Posted by: James Shannon | February 28, 2012

Photo: Angel Glacier, Jasper National Park, Canada

Glacial lake at the base of the Angel Glacier, Jasper National Park

 Though it’s probably the wrong time to be posting this, considering the frosty state of affairs in the Northern Hemisphere … I’m in the tropics, so it’s goin’ up … HA!  So there!

In all seriousness however, this picture is of the Angel Glacier, located on the lower reaches of the north face of Mount Edith Cavell, which is the most prominent mountain in the Jasper area (usually cloaked in cloud, but when it isn’t, it’s impossible to miss, considering it’s the only peak coated in snow year round … even in the dog days of August!)

As with all glaciers these days, it is in recession, meaning that throughout the warm months, it calves chunks of ice into its subzero melting pool, pictured above.  You may be tempted to hike towards the toe of this mass of ice, but be forewarned:  the upper reaches of the glacier calve ice too, sending ice boulders and rocks cascading down the mountainside, which can severely injure or kill you.  Also, ice caves can collapse at any time, so the same warnings apply there also.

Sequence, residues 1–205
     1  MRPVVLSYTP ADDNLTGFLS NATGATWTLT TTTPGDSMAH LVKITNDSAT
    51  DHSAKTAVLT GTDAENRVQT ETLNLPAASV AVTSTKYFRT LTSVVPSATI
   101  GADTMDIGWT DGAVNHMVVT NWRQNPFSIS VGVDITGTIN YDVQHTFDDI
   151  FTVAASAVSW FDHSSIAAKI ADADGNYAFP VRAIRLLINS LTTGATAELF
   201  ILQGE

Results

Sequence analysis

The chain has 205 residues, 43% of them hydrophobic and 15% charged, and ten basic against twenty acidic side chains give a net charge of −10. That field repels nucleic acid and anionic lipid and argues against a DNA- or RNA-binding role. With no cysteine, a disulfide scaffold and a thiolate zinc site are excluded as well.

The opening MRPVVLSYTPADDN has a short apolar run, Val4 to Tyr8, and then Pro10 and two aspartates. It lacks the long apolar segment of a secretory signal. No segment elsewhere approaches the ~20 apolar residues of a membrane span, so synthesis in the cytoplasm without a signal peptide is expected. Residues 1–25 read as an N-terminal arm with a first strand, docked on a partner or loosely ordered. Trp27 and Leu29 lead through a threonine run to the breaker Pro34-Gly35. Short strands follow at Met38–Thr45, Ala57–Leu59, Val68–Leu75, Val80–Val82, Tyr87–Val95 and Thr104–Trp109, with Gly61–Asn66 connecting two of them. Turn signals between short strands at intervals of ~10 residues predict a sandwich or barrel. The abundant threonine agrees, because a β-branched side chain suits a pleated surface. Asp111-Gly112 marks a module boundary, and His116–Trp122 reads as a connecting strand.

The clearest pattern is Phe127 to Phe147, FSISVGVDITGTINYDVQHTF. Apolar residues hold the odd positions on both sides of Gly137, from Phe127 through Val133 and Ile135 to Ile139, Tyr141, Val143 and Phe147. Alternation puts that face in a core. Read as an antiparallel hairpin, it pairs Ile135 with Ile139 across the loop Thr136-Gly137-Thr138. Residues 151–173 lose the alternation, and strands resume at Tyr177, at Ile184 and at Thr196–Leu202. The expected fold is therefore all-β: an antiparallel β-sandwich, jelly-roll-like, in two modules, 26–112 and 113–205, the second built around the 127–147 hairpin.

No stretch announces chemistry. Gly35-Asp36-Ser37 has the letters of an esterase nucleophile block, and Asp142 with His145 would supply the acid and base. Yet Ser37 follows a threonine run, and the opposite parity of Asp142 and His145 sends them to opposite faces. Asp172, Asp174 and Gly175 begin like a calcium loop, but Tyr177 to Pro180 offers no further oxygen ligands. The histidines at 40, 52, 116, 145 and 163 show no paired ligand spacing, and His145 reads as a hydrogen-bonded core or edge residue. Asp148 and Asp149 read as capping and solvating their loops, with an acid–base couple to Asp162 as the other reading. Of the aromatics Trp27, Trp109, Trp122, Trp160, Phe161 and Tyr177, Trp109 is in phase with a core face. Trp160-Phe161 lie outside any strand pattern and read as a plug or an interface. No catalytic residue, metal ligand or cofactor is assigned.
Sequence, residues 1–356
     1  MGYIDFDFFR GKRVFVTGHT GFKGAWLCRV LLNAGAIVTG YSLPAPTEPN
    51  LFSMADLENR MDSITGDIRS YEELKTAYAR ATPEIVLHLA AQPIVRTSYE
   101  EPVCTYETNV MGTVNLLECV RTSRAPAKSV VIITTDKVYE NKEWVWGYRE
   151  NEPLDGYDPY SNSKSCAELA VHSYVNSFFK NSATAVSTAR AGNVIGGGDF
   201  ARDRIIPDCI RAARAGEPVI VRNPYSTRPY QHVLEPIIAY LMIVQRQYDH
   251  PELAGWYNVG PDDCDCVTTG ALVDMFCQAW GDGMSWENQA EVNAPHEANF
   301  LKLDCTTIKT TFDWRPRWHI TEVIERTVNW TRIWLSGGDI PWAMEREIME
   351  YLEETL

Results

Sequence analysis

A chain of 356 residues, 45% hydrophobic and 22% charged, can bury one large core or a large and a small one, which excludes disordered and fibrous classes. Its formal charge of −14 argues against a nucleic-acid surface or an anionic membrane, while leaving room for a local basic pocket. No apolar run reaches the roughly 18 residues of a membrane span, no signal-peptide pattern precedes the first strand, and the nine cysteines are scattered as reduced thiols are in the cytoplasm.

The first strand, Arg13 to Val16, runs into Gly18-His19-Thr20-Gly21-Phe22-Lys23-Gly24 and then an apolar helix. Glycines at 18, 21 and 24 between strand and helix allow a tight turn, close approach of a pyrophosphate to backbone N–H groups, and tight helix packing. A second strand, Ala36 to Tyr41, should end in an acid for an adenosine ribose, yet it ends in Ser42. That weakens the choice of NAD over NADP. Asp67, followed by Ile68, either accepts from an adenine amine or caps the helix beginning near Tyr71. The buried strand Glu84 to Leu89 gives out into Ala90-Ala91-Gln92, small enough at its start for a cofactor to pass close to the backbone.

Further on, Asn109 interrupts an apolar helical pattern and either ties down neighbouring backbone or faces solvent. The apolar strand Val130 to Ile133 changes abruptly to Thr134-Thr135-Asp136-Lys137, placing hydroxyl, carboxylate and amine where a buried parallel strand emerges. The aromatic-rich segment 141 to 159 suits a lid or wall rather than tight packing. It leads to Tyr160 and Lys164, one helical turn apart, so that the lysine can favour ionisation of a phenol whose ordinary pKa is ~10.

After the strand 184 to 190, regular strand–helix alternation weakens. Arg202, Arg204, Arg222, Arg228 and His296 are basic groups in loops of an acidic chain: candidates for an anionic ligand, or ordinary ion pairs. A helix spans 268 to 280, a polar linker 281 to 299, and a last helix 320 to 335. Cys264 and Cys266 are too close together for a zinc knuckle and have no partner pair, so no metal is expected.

To get here, take Highway 93A after the Icefields Parkway checkpoint (on the right coming from Jasper) and follow the signs to another turnoff.  Drive it to the end of the road, and follow an easy trail that takes 10-15 minutes to hike to Angel Glacier.  Bring a jacket/sweater even in the peak of summer, it can get chilly!

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